I first got involved in the Norfolk & Norwich Association for the Blind (NNAB), an amazing charity which helps people with poor sight, in 2013 when I was executive head chef at The Grove in Cromer. The hotel hosted a dining in the dark charity event, to raise money for the NNAB. The curtains were drawn, the dining room was lit by candle light, and each of the guests were given a blindfold to wear before dinner was served. And the reason? To bring awareness about how it feels for people to eat out if they’ve lost their sight, something which can affect people of all ages, but something that older people are increasingly likely to experience (one in five people over the age of 75 in the UK are living with sight loss).
The dining in the dark experience helped me, as a chef, to think about what people with poor sight go through as a diner, so when devising the menu it was important for me to create a very sensory experience. If you think about it, the first thing a diner would normally experience, when sitting down to eat a meal, is seeing the menu so that’s the first obstacle, and then, after ordering, it would be seeing their plate of food placed in front of them, but if you’ve lost your sight that sense is taken away. Instead, I focused more on the smell of the food, the texture of the food (was it going to be crunchy or soft, for example?), and the temperature of the food (was it going to be hot or cold?). The event, involving a three-course meal, organised by myself with conjunction with Norfolk Food and Drink Festival, still continues to this day but takes place at Brasteds in Framingham Pigot organised by the lovely Nick Mills.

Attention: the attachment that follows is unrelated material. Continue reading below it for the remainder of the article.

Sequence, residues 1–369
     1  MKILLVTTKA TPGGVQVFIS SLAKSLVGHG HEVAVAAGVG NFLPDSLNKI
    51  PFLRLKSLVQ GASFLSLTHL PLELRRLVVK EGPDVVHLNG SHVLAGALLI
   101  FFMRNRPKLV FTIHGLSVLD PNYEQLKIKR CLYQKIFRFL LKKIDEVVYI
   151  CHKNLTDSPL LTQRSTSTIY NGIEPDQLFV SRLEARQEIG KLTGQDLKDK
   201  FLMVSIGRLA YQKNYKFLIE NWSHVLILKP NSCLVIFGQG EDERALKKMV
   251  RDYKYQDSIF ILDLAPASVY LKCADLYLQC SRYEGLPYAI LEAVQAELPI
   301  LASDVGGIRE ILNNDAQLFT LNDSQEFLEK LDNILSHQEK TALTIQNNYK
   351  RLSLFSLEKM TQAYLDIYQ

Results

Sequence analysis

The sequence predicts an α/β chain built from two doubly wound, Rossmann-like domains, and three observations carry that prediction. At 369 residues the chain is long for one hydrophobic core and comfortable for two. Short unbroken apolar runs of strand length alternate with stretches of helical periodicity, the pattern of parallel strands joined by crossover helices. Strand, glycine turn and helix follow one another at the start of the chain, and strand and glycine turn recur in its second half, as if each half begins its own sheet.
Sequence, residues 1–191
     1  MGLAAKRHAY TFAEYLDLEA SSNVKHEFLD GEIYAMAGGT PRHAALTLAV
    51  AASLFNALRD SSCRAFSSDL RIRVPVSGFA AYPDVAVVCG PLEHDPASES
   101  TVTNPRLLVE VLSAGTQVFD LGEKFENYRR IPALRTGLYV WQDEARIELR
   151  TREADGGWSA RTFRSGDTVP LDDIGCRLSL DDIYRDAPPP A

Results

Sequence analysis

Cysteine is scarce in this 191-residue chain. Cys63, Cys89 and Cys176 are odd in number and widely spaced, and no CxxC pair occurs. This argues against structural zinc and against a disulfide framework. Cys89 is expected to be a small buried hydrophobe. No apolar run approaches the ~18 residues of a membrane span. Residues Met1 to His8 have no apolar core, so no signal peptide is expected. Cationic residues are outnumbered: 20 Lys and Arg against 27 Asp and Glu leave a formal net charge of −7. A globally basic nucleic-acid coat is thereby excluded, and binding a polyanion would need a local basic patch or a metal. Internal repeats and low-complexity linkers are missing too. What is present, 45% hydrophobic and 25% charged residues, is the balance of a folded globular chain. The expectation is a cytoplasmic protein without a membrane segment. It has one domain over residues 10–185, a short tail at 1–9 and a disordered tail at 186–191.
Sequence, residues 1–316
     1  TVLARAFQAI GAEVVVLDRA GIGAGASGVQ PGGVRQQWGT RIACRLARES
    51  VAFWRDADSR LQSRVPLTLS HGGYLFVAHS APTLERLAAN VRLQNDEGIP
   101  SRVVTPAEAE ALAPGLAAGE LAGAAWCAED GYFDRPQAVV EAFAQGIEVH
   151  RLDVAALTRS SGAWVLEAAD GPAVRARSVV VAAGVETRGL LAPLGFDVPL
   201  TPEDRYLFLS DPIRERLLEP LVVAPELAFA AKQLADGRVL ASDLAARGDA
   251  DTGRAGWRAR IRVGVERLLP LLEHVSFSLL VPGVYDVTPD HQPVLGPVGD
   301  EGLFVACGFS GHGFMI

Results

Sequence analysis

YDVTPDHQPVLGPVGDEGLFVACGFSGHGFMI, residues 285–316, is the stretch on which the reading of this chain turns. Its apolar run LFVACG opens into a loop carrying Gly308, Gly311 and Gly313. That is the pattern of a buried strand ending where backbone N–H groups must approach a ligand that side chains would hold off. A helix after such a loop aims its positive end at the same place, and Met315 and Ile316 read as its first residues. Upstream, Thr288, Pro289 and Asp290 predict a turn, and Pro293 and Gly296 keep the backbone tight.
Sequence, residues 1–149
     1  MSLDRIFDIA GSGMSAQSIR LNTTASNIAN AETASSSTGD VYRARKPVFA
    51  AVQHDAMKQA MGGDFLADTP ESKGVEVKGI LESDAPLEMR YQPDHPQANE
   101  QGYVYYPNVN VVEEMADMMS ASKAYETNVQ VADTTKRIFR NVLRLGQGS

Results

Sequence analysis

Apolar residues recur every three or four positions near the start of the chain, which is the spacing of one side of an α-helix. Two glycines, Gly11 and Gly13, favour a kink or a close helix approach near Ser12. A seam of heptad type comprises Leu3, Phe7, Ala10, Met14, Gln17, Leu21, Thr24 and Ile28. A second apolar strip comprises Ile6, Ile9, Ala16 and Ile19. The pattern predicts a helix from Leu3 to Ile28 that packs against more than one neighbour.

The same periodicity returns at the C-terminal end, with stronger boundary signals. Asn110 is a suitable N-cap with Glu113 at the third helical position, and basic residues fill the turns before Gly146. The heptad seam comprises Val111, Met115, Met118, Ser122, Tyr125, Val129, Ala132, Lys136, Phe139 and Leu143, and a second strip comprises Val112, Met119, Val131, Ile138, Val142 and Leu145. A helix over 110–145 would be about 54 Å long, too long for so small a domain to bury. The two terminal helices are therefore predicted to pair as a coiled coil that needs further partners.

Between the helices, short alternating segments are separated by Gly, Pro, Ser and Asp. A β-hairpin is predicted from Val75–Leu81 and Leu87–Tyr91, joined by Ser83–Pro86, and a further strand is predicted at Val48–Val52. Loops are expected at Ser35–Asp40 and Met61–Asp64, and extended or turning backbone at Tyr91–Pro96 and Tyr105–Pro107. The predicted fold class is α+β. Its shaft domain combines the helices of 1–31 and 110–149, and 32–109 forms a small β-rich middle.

I have a friend who is partially sighted and I know that, when she eats out or stays in a hotel, all she wants is to be treated like any other diner. But unless you have someone with you who can act as your eyes and ears and read out the menu for you, what do you do? Let’s face it, it can be hard enough getting the attention of a waiter or waitress at the best of times (no disrespect to hardworking front of house staff!) And all this has got me thinking: I can’t remember the last time I saw a braille menu, anywhere. A couple of weeks ago I went to a function at the NNAB and met a number of people with poor sight, and afterwards I Googled just how many restaurant chains supply a braille menu and the answer, as far as I could see, is not many at all. I can understand the difficulty of a local pub supplying such a menu, with their menus just on blackboards, but wouldn’t it be magical if a large restaurant or hotel chain could provide such a thing?
So this year one of my plans is to try to engage with restaurant and hotels and get them thinking about introducing such menus. And even food producers to get them thinking about introducing braille labelling.
Why do I feel so strongly about this sort of thing? Well it might have something to do with the fact that my parents ran residential homes for retired missionaries and so, growing up within that environment, I spent a lot of time surrounded by the older generation and, decades later, I’m privileged to be able to write for Age Space – as my hope is to help these people lead a fuller and better life.